I just finished reading Tim Wu’s “Intellectual Property, Innovation, and Decentralized Decisions” essay, which was recently published in Virginia Law Review (but already a while available on SSRN). In his article, Wu makes the point that “we must weigh the benefits of intellectual property assignments, which include subsidizing or making possible desirable economic activity, against the costs of the centralization of economic decisionmaking and the creation of barriers to innovation and market entry,” something to which I wholeheartedly agree.
Wu further argues that the question whether or when to grant intellectual property rights can be reframed as a “choice about the decision architecture for the industry in question.” The nice thing is that this is also perfectly applicable on the DRM problem, which, as you know, has not too much to do with content “protection” but everything with market control. If a company includes DRM in a product, it retains a high level of legal (and temporarily, also technical) control over innovations and competition in the primary and secondary markets surrounding the product.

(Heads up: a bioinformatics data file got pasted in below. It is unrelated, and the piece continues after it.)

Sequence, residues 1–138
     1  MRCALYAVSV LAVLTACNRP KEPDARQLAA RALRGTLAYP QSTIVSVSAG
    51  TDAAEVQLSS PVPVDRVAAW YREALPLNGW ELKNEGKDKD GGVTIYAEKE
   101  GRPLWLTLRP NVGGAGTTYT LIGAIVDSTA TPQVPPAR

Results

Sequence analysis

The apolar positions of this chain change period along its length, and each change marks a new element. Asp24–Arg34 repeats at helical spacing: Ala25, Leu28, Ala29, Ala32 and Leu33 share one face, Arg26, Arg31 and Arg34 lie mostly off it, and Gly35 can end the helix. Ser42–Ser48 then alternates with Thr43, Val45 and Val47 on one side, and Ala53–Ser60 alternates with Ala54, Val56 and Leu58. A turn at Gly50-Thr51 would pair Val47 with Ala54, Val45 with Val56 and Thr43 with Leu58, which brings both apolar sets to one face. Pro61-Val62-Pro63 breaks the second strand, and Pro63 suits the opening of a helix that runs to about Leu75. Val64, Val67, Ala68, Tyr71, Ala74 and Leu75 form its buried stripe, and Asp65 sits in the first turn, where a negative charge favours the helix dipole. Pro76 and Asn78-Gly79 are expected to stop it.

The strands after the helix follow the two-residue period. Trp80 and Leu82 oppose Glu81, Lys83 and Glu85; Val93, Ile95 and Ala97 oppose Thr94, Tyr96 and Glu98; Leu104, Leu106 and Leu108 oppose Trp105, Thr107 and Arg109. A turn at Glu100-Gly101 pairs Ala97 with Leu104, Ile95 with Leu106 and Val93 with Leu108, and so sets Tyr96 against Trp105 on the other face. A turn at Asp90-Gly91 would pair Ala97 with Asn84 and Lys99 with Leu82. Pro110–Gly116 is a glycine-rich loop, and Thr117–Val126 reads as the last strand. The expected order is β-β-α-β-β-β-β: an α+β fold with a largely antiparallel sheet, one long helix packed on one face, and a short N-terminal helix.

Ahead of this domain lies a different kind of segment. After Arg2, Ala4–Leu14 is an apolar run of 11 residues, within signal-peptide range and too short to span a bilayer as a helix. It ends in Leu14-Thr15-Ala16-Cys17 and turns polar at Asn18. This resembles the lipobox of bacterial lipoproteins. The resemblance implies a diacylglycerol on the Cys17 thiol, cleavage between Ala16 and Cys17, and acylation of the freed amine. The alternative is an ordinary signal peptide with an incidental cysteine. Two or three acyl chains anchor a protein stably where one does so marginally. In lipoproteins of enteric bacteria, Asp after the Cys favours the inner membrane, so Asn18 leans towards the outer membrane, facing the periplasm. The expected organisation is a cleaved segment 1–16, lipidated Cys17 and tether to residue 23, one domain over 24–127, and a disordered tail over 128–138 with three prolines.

So, recommended reading.